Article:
Seoul sending envoy to Nobel eventKorea’s government has decided to attend a ceremony to award this year’s Nobel Peace Prize to a jailed Chinese dissident later this week, a diplomatic source said yesterday, despite China’s opposition to countries supporting the honoree.
China’s protest against the decision to give the prize to dissident Liu Xiaobo had put Korea in a diplomatic quandary over whether to attend the Dec. 10 ceremony in Oslo, Norway, amid concern that the move could have negative effects on relations with Beijing.
The conundrum demonstrated China’s rising influence in the region. China is South Korea’s No. 1 trade partner and a key neighbor that hosts the six-party talks on ending North Korea’s nuclear programs.
Despite the concerns, however, South Korea has decided to stick to its past practice of sending its diplomat stationed in Norway to attend the event, the source said on condition of anonymity. “It is our basic position that we respect the Nobel Committee’s decision,” foreign ministry spokesman Kim Young-sun said during a press briefing earlier in the day. “The South Korean government will follow past practices regarding the award ceremony.”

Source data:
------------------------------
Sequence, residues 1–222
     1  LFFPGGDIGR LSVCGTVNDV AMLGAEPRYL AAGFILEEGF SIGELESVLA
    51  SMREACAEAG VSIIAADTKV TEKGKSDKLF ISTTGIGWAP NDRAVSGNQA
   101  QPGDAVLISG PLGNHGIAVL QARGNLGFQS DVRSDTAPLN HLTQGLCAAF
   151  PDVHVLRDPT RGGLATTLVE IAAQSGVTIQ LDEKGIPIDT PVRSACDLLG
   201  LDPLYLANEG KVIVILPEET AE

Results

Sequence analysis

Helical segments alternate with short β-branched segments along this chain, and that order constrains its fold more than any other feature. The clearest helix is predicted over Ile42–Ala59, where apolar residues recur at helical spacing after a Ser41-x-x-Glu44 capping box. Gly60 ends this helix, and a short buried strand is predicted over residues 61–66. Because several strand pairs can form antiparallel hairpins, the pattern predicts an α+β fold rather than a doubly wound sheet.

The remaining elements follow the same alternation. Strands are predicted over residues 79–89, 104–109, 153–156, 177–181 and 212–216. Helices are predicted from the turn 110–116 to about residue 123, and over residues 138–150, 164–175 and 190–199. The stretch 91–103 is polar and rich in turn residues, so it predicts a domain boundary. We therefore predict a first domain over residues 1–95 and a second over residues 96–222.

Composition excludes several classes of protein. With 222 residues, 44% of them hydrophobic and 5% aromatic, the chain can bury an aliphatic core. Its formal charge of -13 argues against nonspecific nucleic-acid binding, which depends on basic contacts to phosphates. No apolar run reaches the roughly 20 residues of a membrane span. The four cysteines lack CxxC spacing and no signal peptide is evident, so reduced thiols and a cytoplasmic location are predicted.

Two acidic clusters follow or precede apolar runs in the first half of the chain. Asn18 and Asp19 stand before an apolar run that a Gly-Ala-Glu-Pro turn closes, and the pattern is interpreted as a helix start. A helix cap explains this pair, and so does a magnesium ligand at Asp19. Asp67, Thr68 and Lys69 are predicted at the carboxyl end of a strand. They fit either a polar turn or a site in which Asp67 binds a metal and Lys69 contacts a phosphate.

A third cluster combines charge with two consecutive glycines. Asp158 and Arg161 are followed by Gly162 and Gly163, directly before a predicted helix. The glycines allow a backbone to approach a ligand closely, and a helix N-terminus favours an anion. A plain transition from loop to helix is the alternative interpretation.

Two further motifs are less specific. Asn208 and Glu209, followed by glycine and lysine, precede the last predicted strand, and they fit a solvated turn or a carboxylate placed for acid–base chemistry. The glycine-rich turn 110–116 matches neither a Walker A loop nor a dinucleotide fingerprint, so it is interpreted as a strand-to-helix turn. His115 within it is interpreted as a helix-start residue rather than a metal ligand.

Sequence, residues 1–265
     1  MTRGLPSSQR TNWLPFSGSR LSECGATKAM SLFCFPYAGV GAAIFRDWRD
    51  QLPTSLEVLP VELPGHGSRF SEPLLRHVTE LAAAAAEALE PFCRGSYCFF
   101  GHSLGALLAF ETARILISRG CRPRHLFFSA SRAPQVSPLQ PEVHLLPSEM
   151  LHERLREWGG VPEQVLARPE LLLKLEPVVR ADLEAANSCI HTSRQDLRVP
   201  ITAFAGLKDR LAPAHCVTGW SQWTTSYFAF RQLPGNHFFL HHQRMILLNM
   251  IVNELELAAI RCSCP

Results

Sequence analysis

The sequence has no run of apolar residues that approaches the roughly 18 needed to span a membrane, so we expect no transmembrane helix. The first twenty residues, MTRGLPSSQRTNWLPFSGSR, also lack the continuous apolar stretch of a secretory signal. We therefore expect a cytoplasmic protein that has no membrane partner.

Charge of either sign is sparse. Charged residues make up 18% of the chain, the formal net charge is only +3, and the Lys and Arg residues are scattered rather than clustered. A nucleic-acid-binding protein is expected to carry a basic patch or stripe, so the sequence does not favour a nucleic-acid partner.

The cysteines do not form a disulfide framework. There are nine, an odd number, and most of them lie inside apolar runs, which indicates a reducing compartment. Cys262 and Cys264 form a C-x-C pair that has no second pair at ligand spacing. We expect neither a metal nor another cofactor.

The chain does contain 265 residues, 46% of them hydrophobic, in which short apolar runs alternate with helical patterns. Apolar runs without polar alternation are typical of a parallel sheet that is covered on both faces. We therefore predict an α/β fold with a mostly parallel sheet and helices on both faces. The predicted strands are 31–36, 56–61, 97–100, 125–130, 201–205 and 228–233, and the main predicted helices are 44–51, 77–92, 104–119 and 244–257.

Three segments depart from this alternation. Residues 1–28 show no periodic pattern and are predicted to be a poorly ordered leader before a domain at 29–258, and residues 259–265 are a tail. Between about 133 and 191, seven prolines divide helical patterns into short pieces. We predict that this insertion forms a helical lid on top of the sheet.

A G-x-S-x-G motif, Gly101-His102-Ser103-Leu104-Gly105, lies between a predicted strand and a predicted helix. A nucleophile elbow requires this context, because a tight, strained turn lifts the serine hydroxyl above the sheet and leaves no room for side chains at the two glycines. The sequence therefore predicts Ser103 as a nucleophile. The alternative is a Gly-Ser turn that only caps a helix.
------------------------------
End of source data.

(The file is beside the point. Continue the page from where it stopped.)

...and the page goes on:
“We recently informed the Nobel Committee that the South Korean ambassador to Norway will attend the ceremony as a Korean representative,” said a diplomat yesterday.
Liu, a 54-year-old writer and former professor who is currently serving 11 years in jail for subversion, was awarded the peace prize in October. He was jailed last December after authoring an appeal for political reform in one-party China. He was a student leader at the demonstrations at Beijing’s Tiananmen Square in 1989. Beijing has strongly denounced the Nobel Committee, calling Liu a “criminal.”